Big Guns Visitng AMS These Days!

Army Day at AMS

A/SLt 24498 Noelani Shore (RMC 2009)

photos by: Brad Lowe

The Assistant Chief of Land Staff, Major General Alan Howard, CSM, CD, along with various distinguished guests, visited RMC’s Division of Applied Military Science (AMS) student officers and NCOs attending the Land Force Technical Staff Programme (LFTSP) and Army Technical Warrant Officer’s Programme (ATWOP) on Sept 14.

Colonel William Lewis, Director of AMS, explained that MGen Howard initiated this Army Day to give the students the opportunity to hear from the departments in Ottawa where they will be working after graduating from these courses.

“You may be wondering, why am I here? It may not be what you thought it would be, and there is a lot of work, tough tests, but you need to understand that there is a reason for all your hard work. In the past, we would take the courses to Ottawa, but they wanted to come here and speak to you en masse for this Army Day instead,” Col Lewis explained.

Commodore William Truelove, OMM, CD, Commandant of the Royal Military College, was also on-hand to speak with the students.

“We need to ensure that we are selecting the right candidates, providing them a program that sets them up for success in their next positions. It’s important that they are succession planned appropriately to ensure that they have the opportunity to consolidate their learning while providing a return on the investment made in them by the Army,” Cmdre Truelove said. “I’m confident that we’ve chosen right for this course, and I’d like to congratulate you on your successes since arriving. I understand that marks have increased about 25 percent between the entrance exam and the exam given at the end of term.”

Now that the course has reached a steady state, the administrators would like to evaluate the progress, and validate the training to make sure they’re meeting the needs of the primary customer: the Army.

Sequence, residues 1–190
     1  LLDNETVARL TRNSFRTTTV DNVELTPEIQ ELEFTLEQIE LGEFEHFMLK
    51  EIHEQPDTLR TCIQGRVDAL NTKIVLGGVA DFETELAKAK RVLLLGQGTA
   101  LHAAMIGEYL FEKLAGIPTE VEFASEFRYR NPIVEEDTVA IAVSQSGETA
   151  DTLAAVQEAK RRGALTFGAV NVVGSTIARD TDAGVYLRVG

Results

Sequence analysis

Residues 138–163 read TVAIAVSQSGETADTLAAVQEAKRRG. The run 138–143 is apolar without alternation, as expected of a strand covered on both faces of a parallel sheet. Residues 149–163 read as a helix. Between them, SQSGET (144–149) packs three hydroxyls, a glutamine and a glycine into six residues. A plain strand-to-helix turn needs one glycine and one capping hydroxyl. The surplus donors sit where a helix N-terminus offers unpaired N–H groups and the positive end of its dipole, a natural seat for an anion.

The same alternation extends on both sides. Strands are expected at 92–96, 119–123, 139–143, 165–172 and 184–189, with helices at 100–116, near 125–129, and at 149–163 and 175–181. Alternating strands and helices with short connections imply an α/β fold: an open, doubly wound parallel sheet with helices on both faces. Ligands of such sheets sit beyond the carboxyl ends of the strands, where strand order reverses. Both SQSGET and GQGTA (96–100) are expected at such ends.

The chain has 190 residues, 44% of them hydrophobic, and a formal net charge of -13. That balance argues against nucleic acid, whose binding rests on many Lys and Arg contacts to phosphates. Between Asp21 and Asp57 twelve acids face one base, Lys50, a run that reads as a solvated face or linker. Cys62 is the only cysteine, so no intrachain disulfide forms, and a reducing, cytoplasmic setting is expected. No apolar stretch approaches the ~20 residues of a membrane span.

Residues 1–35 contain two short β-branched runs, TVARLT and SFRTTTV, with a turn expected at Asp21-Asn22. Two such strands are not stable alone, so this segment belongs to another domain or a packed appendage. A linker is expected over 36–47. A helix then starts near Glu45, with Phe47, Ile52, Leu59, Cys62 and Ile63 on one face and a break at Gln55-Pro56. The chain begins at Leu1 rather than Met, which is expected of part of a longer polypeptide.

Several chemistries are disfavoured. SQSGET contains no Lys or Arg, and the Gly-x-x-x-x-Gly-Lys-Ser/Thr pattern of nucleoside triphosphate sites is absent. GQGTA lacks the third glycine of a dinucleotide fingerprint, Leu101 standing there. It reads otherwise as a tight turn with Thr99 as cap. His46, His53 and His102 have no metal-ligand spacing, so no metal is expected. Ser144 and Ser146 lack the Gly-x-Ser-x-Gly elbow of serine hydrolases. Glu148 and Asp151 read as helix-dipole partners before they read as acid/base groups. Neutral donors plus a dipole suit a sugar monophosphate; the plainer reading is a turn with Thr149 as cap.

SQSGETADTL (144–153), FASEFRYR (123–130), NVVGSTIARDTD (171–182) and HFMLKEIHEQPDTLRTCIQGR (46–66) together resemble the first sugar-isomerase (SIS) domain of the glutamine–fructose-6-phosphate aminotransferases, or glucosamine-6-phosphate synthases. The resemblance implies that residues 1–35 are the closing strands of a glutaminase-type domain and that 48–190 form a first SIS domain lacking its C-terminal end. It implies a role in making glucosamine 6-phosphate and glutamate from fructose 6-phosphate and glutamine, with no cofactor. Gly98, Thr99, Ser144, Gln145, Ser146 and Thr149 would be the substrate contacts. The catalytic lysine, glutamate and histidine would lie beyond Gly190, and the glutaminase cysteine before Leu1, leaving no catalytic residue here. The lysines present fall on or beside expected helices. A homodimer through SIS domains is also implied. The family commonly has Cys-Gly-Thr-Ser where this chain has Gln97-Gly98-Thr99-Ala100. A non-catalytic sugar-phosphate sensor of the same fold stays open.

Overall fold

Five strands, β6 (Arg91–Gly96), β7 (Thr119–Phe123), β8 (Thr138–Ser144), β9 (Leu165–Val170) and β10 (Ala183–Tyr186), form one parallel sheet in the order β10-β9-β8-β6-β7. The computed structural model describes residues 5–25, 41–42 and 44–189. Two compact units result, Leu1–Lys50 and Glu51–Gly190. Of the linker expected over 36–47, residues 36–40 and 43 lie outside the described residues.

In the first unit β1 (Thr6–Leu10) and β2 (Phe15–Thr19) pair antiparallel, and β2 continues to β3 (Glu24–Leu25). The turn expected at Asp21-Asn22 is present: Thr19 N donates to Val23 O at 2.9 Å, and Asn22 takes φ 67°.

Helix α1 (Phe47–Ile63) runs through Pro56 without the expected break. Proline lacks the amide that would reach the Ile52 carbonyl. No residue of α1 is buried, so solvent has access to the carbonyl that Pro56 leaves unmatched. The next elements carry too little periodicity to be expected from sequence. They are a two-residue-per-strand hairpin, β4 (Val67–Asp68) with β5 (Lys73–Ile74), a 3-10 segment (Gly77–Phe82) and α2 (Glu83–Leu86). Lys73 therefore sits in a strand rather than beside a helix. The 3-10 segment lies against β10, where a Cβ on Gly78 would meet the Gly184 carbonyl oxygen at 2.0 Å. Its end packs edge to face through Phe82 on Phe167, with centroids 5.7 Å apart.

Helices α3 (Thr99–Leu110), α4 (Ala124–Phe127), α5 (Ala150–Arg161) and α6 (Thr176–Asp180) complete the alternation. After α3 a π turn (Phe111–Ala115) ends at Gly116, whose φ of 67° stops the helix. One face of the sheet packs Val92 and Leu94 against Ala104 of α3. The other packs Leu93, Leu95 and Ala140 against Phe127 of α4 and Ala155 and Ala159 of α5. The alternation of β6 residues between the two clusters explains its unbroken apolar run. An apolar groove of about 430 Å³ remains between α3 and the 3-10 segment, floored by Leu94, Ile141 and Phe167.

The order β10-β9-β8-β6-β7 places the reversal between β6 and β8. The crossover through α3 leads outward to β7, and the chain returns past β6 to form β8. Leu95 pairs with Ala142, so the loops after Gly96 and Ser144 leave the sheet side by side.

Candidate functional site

“Some of that validation will start today through some discussions with you from the senior leadership,” the Commandant said.

MGen Howard opened a discussion with the students and had two major points for them.

“One,” he said, “is that the Army cares about what you are doing; it’s important. There are billions of dollars in different programs in Ottawa, and we need you guys to push these programs forward. And two, we will look after you; this is not a fire and forget mission. This is an excellent program, and the army is interested in what is going on here. At Director of Land Requirements (DLR), the work discussions we’ll have will set the context of what we want to get out of you.”

It’s clear that the Army needs well-seasoned, experienced tech staff, and this course is an important step. MGen Howard explained that this course may make its students uncomfortable at times, but there is a method to the madness.

“It will teach you to think critically. We will stretch the mind, and that is generally uncomfortable, and it’ll challenge you, but it’s all part of the drill. As you’ve come to discover, education is a challenge.”

In order to push the important projects forward in Ottawa, the Army has a need for smart, critical thinkers. In the past, this course was not always seen as a positive career move, and it was difficult to entice more people to attempt this course.